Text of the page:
Pacers Free Agency: Russell, Brogdon, Rozier

The Indiana Pacers need a point guard. There are many available on the free agent market. Some of the more intriguing options are restricted free agents, which historically hasn’t been an area where the Pacers have pursued players. Would that change with players like D’Angelo Russell and Malcolm Brogdon?

Restricted free agency is difficult for teams to dive into. Once you agree to an offer sheet with a player, your cap space is held hostage for 48 hours while the player’s original team decides whether or not to match the offer. If they do decide to match, many backup options will have likely signed elsewhere. The Pacers would likely prefer going after these players if they were renounced by their original teams and became unrestricted free agents which could happen with a couple of them.

D’Angelo Russell

Russell is one of the fanbase’s favorite targets. Coming off of an All-Star season and at just 23 years old, it’s easy to see why. If Kyrie Irving joins the Nets, Brooklyn may be inclined to withdraw Russell’s qualifying offer and make him an unrestricted free agent. This would make a lot more teams interested in his services without the hassle of RFA.

Russell, the former 2nd overall pick, averaged career highs across the board with 21.1 points and 7 assists per game while upping his shooting percentage to 43.4% and his 3-point percentage to 36.9%. Continue reading Pacers Free Agency: Russell, Brogdon, Rozier

Pacers Free Agency: Thinking Big

The Indiana Pacers have plenty of holes in the roster to fill during free agency. Perhaps none more glaring than at the point guard position.

There are many directions the Pacers could go and options that Kevin Pritchard and the front office can pursue. Indiana could try and make a play for a big name All Star like Kemba Walker or Kyrie Irving. They could look to the restricted free agent market to get young up-and-coming players like D’Angelo Russell, Malcolm Brogdon or Terry Rozier.  Veteran point guards like George Hill, Patrick Beverley, Ricky Rubio, Derrick Rose and Rajon Rondo could all be available. Under-the-radar restricted free agents like Tomas Satoransky and Tyus Jones could both be targets if the Pacers thought they could do more with a larger role. And if none of these options work out or the remaining just aren’t appealing, Indiana could try to bring back one of their own in Darren Collison or Cory Joseph.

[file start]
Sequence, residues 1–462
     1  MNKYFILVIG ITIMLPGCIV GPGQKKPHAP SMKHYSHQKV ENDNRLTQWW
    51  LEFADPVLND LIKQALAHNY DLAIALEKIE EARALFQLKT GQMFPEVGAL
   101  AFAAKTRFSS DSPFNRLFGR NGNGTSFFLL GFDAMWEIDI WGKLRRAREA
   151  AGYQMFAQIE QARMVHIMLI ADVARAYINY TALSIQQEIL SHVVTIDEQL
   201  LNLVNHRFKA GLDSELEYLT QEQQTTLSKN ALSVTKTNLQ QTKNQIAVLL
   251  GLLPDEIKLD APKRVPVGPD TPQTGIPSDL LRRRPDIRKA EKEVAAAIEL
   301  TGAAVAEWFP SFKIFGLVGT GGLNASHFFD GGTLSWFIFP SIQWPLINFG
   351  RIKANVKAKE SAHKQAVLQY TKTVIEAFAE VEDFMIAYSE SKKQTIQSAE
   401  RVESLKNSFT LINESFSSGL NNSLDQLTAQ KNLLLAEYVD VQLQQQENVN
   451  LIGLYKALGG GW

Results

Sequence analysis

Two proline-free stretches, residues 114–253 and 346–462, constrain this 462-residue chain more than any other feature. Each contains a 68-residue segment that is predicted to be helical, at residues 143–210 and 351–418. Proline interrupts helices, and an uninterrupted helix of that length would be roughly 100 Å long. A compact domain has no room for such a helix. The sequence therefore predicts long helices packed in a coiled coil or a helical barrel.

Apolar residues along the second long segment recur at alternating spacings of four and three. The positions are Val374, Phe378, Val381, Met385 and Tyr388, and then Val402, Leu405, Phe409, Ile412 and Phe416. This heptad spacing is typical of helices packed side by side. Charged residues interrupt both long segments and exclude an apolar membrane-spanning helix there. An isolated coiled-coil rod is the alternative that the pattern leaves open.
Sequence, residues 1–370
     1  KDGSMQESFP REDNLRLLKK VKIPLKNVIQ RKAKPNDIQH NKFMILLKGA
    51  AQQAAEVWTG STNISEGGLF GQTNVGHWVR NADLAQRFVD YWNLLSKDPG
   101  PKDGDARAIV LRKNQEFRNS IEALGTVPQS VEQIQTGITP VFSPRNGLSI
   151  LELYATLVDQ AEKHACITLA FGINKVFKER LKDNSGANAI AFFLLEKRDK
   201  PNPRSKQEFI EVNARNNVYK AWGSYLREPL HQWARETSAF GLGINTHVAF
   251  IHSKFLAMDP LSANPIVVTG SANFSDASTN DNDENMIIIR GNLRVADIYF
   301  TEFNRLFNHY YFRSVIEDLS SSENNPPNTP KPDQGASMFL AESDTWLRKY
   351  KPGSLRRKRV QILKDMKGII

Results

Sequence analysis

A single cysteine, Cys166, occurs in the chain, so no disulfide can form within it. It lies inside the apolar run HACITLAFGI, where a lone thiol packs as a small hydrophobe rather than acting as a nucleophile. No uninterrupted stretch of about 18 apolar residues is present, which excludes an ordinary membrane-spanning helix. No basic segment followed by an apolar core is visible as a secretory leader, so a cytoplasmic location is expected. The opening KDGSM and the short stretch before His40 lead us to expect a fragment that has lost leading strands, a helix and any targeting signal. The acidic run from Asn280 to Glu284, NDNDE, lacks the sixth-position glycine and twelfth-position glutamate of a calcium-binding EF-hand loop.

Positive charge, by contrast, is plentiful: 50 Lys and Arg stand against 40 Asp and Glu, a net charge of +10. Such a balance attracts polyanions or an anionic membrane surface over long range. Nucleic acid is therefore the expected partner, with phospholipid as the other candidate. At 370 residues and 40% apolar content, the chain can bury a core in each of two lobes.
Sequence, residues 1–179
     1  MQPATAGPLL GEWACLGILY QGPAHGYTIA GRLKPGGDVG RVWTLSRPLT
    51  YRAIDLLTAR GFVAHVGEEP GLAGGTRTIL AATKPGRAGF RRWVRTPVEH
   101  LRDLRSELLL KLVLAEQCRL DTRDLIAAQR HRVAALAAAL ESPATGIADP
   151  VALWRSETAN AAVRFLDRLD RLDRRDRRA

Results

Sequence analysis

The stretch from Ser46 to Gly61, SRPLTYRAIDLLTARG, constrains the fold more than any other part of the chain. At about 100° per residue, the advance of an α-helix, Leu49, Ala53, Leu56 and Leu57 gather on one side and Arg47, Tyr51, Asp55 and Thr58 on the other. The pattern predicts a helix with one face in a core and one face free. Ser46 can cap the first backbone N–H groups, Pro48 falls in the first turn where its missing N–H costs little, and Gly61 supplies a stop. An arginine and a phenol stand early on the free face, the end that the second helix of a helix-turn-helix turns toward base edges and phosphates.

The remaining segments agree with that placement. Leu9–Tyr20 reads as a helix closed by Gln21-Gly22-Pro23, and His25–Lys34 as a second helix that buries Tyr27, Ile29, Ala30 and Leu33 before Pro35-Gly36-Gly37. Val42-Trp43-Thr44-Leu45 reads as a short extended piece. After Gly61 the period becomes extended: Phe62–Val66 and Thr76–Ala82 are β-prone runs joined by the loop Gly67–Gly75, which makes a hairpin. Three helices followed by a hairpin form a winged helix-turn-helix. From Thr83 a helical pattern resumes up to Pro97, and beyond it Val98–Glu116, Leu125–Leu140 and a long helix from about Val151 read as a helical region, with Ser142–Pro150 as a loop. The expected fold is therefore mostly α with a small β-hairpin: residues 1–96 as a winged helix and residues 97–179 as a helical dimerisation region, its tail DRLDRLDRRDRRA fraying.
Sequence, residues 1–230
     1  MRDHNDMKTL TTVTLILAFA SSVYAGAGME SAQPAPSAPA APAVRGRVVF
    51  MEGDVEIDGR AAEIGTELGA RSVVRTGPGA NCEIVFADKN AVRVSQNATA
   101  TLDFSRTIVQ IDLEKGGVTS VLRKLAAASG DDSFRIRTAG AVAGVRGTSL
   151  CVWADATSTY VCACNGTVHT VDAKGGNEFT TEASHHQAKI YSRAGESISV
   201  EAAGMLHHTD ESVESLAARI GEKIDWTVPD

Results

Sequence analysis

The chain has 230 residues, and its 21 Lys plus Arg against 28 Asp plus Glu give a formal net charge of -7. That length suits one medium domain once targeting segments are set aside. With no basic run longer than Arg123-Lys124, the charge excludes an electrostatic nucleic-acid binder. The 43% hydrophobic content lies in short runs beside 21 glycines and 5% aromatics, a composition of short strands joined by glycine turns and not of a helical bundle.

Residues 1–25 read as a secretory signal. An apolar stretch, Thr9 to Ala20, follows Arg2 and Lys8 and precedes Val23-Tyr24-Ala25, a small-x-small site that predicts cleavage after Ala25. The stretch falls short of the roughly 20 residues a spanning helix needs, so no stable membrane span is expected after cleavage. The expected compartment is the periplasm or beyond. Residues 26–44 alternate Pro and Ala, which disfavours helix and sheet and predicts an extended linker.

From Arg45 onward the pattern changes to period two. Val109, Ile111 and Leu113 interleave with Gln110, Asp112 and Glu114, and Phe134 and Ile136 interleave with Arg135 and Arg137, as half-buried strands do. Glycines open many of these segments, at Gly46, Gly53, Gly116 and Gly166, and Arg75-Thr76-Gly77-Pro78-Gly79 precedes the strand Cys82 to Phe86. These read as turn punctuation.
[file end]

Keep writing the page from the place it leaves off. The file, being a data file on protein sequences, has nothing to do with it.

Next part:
Currently, only Aaron Holiday and Edmond Sumner could play the lead guard position on the team. While Holiday is almost definitely going to get a larger role next season, it probably won’t be as a full-time starter in his second season. Sumner has shown flashes of potential and stood out in the G-League last year, but he’s more likely to be the emergency option at both guard spots if the Pacers pick up his team option than someone that gets consistent minutes every night. With Victor Oladipo out until December or January, finding someone that can carry the load of ball-handling duties would seem paramount.

The Big Fish: Kemba Walker and Kyrie Irving

These are by far the most unlikely targets for the Pacers to end up actually signing among the many covered here, but Pritchard talked about wanting his front office to “think big” and there are no bigger options to pursue in free agency than Kemba Walker or Kyrie Irving. Continue reading Pacers Free Agency: Thinking Big

The Athletic: Kemba Walker’s ‘first priority’ is Charlotte

One rumored free agent target for the Indiana Pacers in Kemba Walker seems intent on staying with the team that drafted him if they can reach an agreement. Kemba Walker talked about his upcoming free agency with The Athletic’s Jared Weiss and his first choice would appear to be remaining with the Charlotte Hornets.

“Oh no question, Charlotte’s definitely my first priority,” Walker told Weiss. “That’s where I’ve been for eight years and that’s all I know. Not many people get a chance to play for one NBA team throughout their career. … People don’t understand, when they say you need to go ‘here’ and win, that winning is not guaranteed anywhere.”

The Hornets have a major advantage if they choose to use it with the supermax contract that Walker, who averaged over 25 points per game this season, qualified for by making the All-NBA third team. The Hornets were already the only team that could offer Walker a 5-year deal but now the value of the deal could be up to $221.3 million. Every other team can only offer a maximum of four years and $140.6 million, which the Pacers could create the necessary cap space for if they so desired. Continue reading The Athletic: Kemba Walker’s ‘first priority’ is Charlotte

Myles Turner calls All-Defense snub ‘blatant disrespect’

Indiana Pacers center Myles Turner was not selected to either of the NBA’s All-Defensive teams that were announced today.

At the center position, Rudy Gobert was selected for the first team and Joel Embiid was selected for the second team. Turner, the league’s leading shot blocker, received just one vote for first team and 37 for second team.

Turner was unhappy with the results calling it “blatant disrespect” on Twitter.

Kevin Pritchard replied to his center’s tweet with, “We know Myles!”

Thad Young, who received a pair of votes for second team, came to Turner’s defense.

Turner improved his defensive acumen from previous seasons with better footwork and being in position to block or challenge shots at the rim more often. His 2.7 blocks per game and 8.4 block percentage led the entire league.

Turner responded to not being one of the final nominees for Defensive Player of the Year earlier this week with a blue cap emoji 🧢 and did the same with the news today with two of them.

It looks like Turner will have plenty of extra motivation for his workouts this summer.